Lonjsko Polje – a river basin wetland
Ramsar’s Standing Committee member from Croatia, Goran Gugić, is director of the Lonjsko Polje Nature Park, i.e. the public institution in charge of the management of one of the largest Ramsar sites in southeastern Europe. As an outcome of a European Union-funded LIFE project on the living landscape and floodplain ecosystem of the central Sava river basin (cf. our report on its first stakeholder meeting, Goran recently published a nicely produced analysis “Managing sustainability in conditions of change and unpredictability”. The handy publication provides a very readable reflection on the management of the Sava river floodplain and a captivating case study on how to implement Ramsar’s consolidated scientific and technical guidance on wetlands and river basin management, as adopted at COP10 through Resolution X.19.
The analysis starts with an argument for wetland managers on how to become versatile before managing sustainability in changing and unpredictable conditions, such as those often prevailing in a living landscape and dynamic river ecosystem. Some time ago, when nature conservation became a major issue, nature was understood as untouched wilderness, and it was the wilderness that was endangered. Then, ‘nature’ came to mean ecosystems and biodiversity, and the natural resources were declared threatened. Man had no longer to be excluded, and management became integrated. At the turn to this millennium, culture too started to be recognized as being essential for nature conservation, and traditional knowledge is now considered being endangered. Management had to become participatory, and protected areas are now more and more linked up in networks. Today’s challenges are driven by climate change and urbanisation and will affect protected areas and their long-term stability. The features for which an area was originally protected may disappear and appear in another place outside of the protected area. Decision-making has thus to become versatile and flexible, and management has to become inclusive. Man has to be involved, and protected areas will play an active part in the development of the entire space.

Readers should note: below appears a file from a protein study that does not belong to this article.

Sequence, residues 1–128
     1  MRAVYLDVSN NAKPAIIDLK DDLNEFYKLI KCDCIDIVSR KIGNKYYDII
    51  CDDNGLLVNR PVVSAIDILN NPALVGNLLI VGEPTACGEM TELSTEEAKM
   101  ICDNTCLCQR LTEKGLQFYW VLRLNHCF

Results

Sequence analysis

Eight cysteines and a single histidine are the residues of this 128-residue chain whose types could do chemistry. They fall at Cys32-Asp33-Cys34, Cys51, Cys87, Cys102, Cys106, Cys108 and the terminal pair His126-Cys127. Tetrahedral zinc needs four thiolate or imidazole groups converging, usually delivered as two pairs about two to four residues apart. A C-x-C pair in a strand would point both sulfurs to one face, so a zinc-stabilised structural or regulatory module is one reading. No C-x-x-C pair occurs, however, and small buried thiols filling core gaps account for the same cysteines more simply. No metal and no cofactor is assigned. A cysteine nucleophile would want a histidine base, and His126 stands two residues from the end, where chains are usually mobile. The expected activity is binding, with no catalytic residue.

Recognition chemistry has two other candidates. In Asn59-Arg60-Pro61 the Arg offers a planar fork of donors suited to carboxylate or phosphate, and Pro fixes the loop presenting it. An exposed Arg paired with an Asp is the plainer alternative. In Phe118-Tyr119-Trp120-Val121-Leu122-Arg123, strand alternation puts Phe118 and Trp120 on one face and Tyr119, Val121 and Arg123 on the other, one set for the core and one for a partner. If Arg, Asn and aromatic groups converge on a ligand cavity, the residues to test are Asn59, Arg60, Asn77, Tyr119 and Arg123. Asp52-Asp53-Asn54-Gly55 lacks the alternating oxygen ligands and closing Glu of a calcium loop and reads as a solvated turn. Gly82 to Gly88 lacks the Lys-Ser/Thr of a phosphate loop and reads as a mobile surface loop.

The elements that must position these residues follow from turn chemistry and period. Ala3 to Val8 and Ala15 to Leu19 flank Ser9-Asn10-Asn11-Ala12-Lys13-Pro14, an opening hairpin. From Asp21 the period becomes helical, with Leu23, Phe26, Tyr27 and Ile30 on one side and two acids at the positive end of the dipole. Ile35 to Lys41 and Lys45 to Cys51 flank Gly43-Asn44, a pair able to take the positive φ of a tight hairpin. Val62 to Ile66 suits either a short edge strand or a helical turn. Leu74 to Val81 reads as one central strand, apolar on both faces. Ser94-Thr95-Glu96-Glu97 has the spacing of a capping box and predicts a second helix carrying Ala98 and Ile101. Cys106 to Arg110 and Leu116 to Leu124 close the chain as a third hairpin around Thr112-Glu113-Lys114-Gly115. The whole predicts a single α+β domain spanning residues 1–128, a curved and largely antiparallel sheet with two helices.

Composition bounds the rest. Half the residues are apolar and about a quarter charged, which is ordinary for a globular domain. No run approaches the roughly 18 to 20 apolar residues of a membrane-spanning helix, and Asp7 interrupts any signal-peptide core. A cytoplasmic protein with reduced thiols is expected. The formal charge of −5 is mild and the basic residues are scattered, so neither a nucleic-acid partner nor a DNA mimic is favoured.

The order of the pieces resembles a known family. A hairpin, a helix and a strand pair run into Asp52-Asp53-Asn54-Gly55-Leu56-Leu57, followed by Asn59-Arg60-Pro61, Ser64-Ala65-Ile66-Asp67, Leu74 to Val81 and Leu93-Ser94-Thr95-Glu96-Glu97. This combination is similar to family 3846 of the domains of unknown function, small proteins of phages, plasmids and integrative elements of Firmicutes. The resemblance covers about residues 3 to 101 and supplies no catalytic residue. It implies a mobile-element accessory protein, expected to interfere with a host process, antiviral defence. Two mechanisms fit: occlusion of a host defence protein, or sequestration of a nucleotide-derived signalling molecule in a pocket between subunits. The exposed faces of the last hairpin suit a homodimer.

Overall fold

The book then presents the case of the Sava river, starting with a look at key ecological processes of inundation and sedimentation and the river basin characteristics driving them. The floodplain looks at first sight like a flat and level stretch of land, but is rather a micro-relief with depressions and mountains intimately bound up with the lives and settlements of people. Their sequence of land use strictly follows the way the floods advance and retreat. Large woodland complexes (managed and used for their high quality timber oaks), dependent on the flood dynamics, guarantee a high level of naturalness and ecological processes, - as long as foresters and water managers intervene at the right moment and sequence. And the keystone process of human adaptation to flooding is the traditional pasturing on three parts of the floodplain: on the commonly-used lands most liable to floods, on haymaking meadows used temporarily for grazing while the commons remain flooded, and on the highest parts, such as embankments and road edges near the villages. This pasturing is a key ecological process executed by domestic breeds with specific traits enabling them to survive under extreme conditions (parasites, drought, muddy soils, limited food resources). Posavina horses, for example, must form into large natural herds while they are on the pastures and immediately adapt to a tethered life in the cramped space of a wooden stable during periods of high floods.